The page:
So, is Pancake House’s Best Taco in Town still deserving of its moniker? Honestly, I think they should be scared.

Baja Mexican Cantina
3/F Greenbelt 3
Ayala Center, Makati City
Tel. no. (632) 7560127

Friday, November 27, 2009

A Plateful of Gratitude

I believe that Thanksgiving Day should be celebrated everywhere.

What I like about it is that it pretty much forces you to step back and appreciate the things that are going quite well for you. In these fast-paced times of high-maintenance toddlers donning iPods and cellphones, we start to take simple conveniences for granted and constantly bitch about the small things that go wrong.

I admit that I belong to that group of formerly-idealistic gen-Xers who were out to change the world but- after being immersed in this cesspool called Life- were suddenly transformed into these hardened shells of our former selves, jaded and cynical. Nevertheless, once in a while I make a conscious effort to be appreciative of the blessings that have come my way. That is what makes Thanksgiving Day, in my opinion, so great. It’s because any day that makes people a little bit happier- a little bit more grateful to be alive, despite all the craziness in the world we live in- should definitely be celebrated. Nobody, I believe, should be exempt from it.

So, while I enjoyed Thanksgiving dinner at Circles in Shangri-la Hotel Makati with Matt, I reflected on the things that are making my life awesome.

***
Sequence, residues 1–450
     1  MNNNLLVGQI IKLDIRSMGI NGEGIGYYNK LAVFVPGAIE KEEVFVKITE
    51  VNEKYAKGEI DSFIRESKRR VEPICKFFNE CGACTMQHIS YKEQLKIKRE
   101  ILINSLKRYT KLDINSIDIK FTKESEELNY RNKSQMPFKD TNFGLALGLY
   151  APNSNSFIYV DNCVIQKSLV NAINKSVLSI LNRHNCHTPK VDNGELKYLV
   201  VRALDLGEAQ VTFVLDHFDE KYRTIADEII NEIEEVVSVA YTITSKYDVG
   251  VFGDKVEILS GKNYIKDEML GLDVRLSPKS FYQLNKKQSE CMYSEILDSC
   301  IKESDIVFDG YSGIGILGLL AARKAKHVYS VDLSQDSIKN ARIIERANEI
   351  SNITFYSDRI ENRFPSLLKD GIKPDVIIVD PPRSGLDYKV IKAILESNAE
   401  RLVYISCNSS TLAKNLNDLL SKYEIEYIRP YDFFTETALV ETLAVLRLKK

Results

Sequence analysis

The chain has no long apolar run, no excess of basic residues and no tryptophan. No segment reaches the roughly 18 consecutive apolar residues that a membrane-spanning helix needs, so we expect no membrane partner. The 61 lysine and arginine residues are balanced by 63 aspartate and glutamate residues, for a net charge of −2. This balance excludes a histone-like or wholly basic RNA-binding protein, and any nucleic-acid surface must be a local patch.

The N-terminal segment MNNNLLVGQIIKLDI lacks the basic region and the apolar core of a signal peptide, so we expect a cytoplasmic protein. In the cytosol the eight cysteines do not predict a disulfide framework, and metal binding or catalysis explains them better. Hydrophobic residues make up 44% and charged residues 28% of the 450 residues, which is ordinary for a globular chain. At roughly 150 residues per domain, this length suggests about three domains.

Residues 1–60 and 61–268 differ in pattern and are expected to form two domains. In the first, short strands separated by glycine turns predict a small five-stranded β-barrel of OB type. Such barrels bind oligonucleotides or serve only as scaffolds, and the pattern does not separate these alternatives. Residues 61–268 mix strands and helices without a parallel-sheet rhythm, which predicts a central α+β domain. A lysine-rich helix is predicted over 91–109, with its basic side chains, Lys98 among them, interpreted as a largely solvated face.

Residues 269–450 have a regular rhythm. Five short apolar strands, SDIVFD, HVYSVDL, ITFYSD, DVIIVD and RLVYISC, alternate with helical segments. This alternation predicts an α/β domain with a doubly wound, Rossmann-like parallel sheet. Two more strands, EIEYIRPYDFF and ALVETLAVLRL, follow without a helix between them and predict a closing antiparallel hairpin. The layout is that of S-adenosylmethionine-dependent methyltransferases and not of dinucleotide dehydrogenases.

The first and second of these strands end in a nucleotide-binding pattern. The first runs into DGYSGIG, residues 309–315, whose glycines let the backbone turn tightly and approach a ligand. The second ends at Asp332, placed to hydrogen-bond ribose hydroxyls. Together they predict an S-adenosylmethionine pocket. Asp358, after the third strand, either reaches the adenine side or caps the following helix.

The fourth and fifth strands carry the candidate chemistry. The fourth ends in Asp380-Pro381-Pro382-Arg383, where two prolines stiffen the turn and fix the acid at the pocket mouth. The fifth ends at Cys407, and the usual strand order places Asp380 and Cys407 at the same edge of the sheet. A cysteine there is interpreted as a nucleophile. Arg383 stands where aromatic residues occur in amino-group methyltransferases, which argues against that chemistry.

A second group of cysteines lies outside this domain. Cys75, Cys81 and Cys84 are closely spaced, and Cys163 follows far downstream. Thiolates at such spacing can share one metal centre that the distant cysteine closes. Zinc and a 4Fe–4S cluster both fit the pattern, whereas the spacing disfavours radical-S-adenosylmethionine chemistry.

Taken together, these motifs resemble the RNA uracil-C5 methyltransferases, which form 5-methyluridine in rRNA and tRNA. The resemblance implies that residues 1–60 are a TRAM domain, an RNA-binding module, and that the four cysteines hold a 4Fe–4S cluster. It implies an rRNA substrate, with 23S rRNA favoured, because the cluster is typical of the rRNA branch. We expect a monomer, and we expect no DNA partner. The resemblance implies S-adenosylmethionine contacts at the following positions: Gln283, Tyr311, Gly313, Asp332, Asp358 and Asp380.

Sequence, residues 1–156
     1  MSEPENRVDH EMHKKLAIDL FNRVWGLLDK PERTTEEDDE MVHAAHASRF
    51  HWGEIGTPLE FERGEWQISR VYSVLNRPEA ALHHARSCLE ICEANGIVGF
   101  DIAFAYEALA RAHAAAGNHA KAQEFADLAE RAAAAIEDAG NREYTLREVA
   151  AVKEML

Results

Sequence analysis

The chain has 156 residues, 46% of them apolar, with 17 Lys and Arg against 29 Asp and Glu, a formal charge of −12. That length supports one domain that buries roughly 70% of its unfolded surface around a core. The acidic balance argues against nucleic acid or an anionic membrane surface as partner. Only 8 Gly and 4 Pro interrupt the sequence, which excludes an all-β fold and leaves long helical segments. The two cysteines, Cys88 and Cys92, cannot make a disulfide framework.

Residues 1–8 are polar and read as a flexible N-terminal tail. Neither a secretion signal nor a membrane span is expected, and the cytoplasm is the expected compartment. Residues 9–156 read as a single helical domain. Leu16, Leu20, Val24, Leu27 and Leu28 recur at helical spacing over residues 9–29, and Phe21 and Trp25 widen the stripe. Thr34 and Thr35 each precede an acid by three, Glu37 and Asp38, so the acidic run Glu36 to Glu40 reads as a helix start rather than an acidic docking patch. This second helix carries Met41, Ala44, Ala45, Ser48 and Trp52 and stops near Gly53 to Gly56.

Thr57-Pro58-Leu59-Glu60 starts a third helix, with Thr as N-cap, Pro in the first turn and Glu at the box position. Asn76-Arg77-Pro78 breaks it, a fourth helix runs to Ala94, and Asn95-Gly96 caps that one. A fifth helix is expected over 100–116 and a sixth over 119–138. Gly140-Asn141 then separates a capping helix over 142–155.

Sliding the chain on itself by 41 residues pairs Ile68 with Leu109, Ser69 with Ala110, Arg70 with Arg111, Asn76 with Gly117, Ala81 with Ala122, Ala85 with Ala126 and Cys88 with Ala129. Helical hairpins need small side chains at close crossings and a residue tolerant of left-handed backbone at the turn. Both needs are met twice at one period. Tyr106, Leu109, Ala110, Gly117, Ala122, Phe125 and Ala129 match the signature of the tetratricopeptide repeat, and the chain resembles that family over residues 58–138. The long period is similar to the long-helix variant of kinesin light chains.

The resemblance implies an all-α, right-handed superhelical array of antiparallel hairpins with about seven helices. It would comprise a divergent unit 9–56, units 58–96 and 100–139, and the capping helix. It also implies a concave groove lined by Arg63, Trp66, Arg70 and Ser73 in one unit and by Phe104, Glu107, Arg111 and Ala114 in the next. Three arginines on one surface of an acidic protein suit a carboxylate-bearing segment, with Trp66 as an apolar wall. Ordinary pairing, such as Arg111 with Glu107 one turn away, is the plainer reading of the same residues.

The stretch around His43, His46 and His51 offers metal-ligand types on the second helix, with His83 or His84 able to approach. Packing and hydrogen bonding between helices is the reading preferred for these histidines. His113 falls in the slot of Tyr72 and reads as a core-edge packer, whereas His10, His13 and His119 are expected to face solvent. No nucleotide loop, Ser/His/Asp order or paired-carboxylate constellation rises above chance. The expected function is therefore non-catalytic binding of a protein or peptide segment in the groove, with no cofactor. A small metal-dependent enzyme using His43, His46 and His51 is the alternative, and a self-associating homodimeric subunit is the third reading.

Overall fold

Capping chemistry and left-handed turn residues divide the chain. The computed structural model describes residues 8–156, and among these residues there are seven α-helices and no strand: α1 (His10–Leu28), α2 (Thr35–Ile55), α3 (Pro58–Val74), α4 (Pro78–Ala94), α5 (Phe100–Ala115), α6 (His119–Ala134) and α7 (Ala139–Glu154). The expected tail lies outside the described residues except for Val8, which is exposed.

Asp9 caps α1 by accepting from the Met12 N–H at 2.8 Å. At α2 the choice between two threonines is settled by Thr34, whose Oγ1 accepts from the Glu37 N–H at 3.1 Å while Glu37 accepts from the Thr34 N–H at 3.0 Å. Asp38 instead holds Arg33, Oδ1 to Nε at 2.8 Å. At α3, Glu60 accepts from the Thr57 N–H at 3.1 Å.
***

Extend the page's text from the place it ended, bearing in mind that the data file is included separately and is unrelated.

First, I am thankful for the year that passed. It was a long and crazy journey filled with tests, life lessons, major changes and adjustments. But then again, it was also a year of reunions, happiness, laughter and new beginnings. I have always been a firm believer that all things happen for a reason and I have learned to take every challenge that comes my way as a fortifying agent that strengthens my spirit. Bring it on, as they say. Therefore, I am thankful for all that passed, both good and bad.

After getting married and living away from home for the first time ever, I have become more appreciative of the good health and happiness of my family. I still see them regularly, of course, but it was a major change for me not to see them first thing when I wake up, to hear the animated chatter outside my room and I’m even beginning to miss the constant invasions of privacy (mostly by my mom). Now, I find myself thinking about them all the time and have even begun to worry about them occasionally, which is something I never did in the past. So, yes, I’m very happy that we are all thriving and happy, even if we now live 20 minutes away from each other.